Sassoon House, St Mary's Road, Peckham commissioned by Mozelle Sassoon in memory of her son
Sassoon House, St Mary's Road, Peckham commissioned by Mozelle Sassoon in memory of her son © (2010) Source Historic England Archive

During the Second World War, women architects were employed on the construction of wartime facilities such as camps and hostels, and by 1943 some were working on reconstruction plans in Coventry and West Ham. Women's participation in post-war reconstruction was high on the 1943 political agenda because of the estimated 4-5 million post-war houses needed.

As a specialist in low cost housing Elizabeth Denby was a participant at the 1943 Women's Parliament meeting. Convened during the war to represent women's employment rights, the Women's Parliament urged the London County Council to institute a five-year plan for houses and flats plus shops, schools, nurseries, and community centres.

The Standing Joint Committee of Industrial Women's Organisations produced a report, 'Post-War Homes, Design and Equipment' for the Ministry of Health's 'Design for Dwellings', as did the Society for Women Housing Managers who commended the facilities for housewives and children including clothes lines, window boxes, space for prams and safe play on the balconies at Lennox House, Cresset Street, Hackney, London E9 as an example to be emulated.

Kitchen in the home of Mrs Tinsley, Uni-Seco temporary house, 29 Lyham Road, London, 1945
Kitchen in the home of Mrs Tinsley, Uni-Seco temporary house, 29 Lyham Road, London, 1945 © (Taken 1945) Reproduced by permission of Historic England Archive

However, the emphasis on women's needs in the home caused other class-based concerns.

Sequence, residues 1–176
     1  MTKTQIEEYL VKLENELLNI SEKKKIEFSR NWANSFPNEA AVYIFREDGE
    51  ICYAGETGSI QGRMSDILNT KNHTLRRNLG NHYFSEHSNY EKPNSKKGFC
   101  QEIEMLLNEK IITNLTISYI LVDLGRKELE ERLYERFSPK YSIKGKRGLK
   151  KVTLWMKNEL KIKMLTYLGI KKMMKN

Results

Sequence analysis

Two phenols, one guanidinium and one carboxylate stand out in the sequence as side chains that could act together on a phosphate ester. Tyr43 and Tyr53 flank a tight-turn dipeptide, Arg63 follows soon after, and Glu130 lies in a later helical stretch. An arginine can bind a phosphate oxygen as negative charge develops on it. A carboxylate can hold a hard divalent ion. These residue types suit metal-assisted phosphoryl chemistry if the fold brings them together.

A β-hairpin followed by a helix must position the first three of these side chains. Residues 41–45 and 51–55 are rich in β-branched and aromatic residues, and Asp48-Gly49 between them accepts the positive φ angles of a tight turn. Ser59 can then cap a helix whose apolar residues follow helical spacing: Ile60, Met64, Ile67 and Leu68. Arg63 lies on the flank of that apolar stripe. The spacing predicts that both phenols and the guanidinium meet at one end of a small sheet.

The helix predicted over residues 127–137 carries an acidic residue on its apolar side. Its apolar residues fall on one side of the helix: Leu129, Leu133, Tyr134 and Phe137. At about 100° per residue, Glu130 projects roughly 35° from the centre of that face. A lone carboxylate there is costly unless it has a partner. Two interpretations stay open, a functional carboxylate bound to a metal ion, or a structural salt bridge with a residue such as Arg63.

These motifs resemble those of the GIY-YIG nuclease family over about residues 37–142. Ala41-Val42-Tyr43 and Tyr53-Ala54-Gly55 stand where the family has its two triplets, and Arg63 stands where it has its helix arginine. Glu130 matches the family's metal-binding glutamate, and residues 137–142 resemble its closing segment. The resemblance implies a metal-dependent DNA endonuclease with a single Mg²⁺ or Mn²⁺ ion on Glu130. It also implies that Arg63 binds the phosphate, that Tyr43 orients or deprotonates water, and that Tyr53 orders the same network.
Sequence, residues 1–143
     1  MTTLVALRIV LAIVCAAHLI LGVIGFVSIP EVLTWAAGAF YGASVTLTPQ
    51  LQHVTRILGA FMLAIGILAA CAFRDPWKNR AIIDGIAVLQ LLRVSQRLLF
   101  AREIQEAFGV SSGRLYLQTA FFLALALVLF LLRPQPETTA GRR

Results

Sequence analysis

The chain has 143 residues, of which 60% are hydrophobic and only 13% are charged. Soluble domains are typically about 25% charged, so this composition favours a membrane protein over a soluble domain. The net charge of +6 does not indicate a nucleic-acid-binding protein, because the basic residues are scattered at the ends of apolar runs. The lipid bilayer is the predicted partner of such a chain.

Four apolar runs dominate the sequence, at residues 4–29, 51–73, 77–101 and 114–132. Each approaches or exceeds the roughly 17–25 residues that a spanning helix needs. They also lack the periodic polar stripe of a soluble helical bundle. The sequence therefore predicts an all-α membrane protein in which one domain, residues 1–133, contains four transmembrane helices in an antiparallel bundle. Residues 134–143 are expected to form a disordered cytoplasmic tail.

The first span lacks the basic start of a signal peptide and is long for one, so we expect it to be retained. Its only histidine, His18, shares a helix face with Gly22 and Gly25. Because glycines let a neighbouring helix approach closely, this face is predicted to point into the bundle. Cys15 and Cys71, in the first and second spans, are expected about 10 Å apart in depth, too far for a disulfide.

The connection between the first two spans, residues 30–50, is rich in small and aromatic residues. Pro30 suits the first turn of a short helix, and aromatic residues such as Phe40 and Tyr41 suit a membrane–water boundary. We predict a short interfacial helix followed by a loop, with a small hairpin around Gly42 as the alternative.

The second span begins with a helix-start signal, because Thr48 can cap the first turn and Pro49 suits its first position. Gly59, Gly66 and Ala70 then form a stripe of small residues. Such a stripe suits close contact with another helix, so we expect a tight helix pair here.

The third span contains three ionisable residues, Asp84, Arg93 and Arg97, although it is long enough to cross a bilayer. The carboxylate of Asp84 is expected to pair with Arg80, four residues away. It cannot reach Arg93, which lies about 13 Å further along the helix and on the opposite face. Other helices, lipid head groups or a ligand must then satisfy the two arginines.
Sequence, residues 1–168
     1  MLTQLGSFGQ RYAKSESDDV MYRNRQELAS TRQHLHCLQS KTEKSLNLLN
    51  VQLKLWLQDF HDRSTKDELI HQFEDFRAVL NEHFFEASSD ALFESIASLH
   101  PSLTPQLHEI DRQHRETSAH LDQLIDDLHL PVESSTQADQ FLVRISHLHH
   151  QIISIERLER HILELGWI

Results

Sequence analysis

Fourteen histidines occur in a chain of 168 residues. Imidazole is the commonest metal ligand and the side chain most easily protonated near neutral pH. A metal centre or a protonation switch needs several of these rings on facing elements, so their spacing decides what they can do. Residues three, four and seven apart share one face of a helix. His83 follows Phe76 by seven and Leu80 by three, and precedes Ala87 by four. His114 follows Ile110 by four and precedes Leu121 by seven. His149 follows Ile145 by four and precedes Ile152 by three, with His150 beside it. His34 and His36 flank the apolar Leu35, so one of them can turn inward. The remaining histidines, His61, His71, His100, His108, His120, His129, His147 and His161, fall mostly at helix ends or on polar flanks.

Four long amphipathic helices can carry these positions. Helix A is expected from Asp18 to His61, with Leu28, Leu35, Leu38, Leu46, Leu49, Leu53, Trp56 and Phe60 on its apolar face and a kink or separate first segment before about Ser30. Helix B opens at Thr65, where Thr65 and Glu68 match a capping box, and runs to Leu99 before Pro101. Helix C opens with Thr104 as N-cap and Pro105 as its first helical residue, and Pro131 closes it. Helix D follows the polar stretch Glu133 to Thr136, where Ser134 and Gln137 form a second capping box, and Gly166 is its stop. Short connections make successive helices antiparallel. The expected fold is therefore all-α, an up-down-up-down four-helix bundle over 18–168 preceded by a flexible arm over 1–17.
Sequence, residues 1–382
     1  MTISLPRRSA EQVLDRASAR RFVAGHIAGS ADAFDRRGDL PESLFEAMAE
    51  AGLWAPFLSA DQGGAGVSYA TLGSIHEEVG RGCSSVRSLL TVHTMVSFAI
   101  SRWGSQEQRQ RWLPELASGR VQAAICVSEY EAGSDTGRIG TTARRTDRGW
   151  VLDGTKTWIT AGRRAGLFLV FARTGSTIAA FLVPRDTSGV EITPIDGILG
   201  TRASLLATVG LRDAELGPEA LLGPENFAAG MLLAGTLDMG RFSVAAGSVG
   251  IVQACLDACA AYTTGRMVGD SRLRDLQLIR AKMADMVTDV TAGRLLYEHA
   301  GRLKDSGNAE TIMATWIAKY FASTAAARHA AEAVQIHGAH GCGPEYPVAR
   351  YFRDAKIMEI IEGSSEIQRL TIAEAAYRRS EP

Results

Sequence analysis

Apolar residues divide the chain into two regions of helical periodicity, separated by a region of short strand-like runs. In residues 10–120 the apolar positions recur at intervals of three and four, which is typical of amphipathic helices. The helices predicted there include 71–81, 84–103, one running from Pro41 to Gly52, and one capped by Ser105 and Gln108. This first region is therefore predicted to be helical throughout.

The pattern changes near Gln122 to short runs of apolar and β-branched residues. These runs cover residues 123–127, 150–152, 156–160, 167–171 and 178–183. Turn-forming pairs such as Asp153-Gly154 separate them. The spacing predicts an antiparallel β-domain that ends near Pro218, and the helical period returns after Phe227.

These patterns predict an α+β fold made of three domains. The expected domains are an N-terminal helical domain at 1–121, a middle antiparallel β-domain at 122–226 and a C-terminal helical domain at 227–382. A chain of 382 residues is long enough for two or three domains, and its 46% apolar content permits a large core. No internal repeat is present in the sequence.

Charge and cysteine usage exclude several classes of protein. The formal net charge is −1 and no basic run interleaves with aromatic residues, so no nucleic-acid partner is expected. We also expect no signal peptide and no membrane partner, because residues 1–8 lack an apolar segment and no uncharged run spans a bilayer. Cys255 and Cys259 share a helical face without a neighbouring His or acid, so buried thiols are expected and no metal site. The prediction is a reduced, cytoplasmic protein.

Middle class women did not want to play into the post-war policy of 'returning women to the home.' These women had choices, whereas many working class women were still faced with living in slums or inadequate temporary accommodation.

The challenge was to gain recognition for the wider contribution to society of the housewife's work, while not reinforcing the traditional stereotype that a woman's place was in the home.

No. 57 The Crapen, Cam , Gloucestershire.
This Gloucestershire pre-fab lived in by Elsie Fowler from 1948 until 1996 kept its original kitchen, save for a new fridge. Plans to move it to a museum failed, it has been demolished. © (Taken 1996) Reproduced by permission of Crown Copyright.NMR
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Visible in Stone - Gaining Recognition

Please click on the gallery images to enlarge.

  • Lennox House, Hackney, London are progressively-designed flats by U.E.M. MacGregor of 1936-37. Note the high-sided balconies that run the length of the flats. Listed Grade II.
© Cheryl Law (2010). Source Historic England.NMR
  • The campaigning Women's Parliament logo, 1943. © & source TUCLIB
  • Detail of a washing line on a Lennox House balcony, Hackney. © Cheryl Law (2010). Source Historic England.NMR
  • Lennox House, Hackney, London of 1936-7. A striking ziggurat structure built for Bethnel Green and East London Housing Association. Listed Grade II.
© Cheryl Law (2010). Source Historic England.NMR
  • Pre-fabricated houses being erected on a site on the edge of Coventry, 1949. © & source Historic England.NMR (1949)
  • Kensal House Day Nursery, one of the incorporated facilities of this 'urban village'. There was also a canteen, laundry and community centre. © Reproduced by permission of Historic England.NMR (1937)
  • Kensal House, south face, built 1936 for the Gas Light and Coke Company, 68 flats designed to let in as much light as possible. © (Date taken unknown) Reproduced by permission of Historic England.NMR
  • One of ten Grade II-listed pre-fabricated houses in Birmingham.  Erected in 1945 under the Housing (Temporary Accommodation) Act by the Ministry of Works, this is a particularly well-preserved group.  
© Geoff Dowling (2001). Source Historic England.NMR